For some reason we had brought Dale's Ukulele into the dressing room earlier, so we picked up the Uke and passed it back and forth (I think we still had some happy excited energy from that amazing encore we had just been a part of).

As we were laughing and playing songs on the Ukulele we heard a knock at the door. It was Reggie Wooten.

He said , "Can I come in?". We said of course. He told us he LOVES playing the Uke and as a matter of fact Ukulele was the first instrument they had. He played ukelele before learning guitar.

It was so cool to be hanging with one of our heroes and have him obviously feeling the same excitement as we were. He was beaming and didn't wanna stop playing for the night either.

Of course we handed him the ukulele and asked him to play. He was playing and singing and laughing. We were having a great time.

After a while there was another knock on the door. This time it was the tour manager. He said, "Reggie! Where have you been, man? They are waiting on you! Come On!"

Apparently there was a second encore about to commence but they were waiting on Reggie. We had accidentally confiscated his attention with our Uke.

Reggie just looked up and said, "Just a minute".

I'll never forget that moment. There was a thronging crowd awaiting an encore, there were 3/4 of a world class all star band on stage about to play and yet this musical master wanted to finish his Ukulele song before entertaining the idea of returning to the stage.

To see the look on his face and the enthusiasm with which he was playing that Uke, the tour manager had to concede.

Reggie finished his song (Which was "Mary, Mary" by the Monkees)...THEN he agreed to go play the final encore.

It was a beautiful moment to me. He wasn't by any means being a diva. Or saying "I will return to the stage when I'm good and ready". He was excited by the encore we had all played together and he was genuinely playing that Ukulele with excitement he had when he was a small child. He had been transported back to that time when he was first getting his hands around this magical stuff called music....and the power of that moment lit up his face. I could see it, Dale could see it and the tour manager could see it. That was more important than rushing back to the stage. He needed that extra minute and thirty seconds. And I did too.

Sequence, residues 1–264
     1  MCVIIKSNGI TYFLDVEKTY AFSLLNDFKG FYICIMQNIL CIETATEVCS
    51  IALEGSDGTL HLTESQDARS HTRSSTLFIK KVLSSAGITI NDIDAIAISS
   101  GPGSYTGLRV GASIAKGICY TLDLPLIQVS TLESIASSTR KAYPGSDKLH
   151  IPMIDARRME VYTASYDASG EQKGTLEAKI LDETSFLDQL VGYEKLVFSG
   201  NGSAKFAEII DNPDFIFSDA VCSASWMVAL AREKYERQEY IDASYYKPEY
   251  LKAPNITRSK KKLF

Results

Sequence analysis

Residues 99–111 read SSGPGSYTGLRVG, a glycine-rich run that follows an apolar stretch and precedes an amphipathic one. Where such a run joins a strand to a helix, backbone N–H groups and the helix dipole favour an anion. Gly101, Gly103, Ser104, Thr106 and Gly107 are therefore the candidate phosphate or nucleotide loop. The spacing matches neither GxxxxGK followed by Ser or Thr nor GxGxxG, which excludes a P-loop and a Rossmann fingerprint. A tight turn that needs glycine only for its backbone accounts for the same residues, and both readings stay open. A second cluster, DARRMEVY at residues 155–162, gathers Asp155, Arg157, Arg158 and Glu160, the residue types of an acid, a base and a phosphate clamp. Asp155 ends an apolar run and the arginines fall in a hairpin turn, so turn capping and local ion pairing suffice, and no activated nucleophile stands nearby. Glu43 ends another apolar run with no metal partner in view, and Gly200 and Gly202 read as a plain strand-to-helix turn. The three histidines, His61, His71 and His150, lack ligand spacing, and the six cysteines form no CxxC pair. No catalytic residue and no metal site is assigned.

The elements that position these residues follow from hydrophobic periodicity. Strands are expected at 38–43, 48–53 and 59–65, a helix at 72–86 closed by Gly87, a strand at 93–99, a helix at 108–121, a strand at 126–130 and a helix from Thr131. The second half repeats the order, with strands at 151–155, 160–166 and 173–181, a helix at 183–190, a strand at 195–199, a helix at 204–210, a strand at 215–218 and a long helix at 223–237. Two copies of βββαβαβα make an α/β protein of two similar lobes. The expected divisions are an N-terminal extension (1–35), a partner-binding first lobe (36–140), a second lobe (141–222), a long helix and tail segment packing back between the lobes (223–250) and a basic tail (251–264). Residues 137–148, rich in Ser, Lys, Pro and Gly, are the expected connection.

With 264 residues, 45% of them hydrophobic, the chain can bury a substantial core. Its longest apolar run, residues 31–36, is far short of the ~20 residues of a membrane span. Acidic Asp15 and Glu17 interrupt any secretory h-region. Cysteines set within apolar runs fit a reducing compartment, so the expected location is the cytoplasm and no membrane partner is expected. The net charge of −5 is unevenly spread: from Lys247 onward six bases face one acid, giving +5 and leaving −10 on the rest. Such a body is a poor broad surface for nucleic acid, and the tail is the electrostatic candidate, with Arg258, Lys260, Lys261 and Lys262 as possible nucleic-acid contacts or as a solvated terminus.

Dale and I went back to side stage and watched Reggie join the band and then we watched them bring the house down one final time for the evening. They bowed. The crowd gave them a huge ovation. And the show was over.

But after seeing Reggie's Ukulele moment back stage I've been more aware of those magical musical moments. Reggie had been transported back to his childhood for a few moments and it made him as happy as I have ever seen a person. When he went back out on stage to perform some severely non-childlike music , this happiness brought the music an innocent simplicity.

It is from this that I noticed the entire band was playing with this attitude. That was how they made deeply mathematical music seem light and fun. They were all playing with the fearlessness and happiness of children.

Seeing my heroes approach complex music this way altered how I have approached music ever since. When I am fortunate enough to bump into moments, I cherish them. I love being transported back to the time I was just learning to play or just learning to sing or write. It fills my current writing and performing with so much passion and fire.

Of course technique and study are very very integral to making great music. However after seeing the excitement with which Reggie played that Ukulele spill over onto his jazz fusion playing I am more convinced than ever that all the technique in the world will not rival finding your own  "Reggie's Ukulele Moment".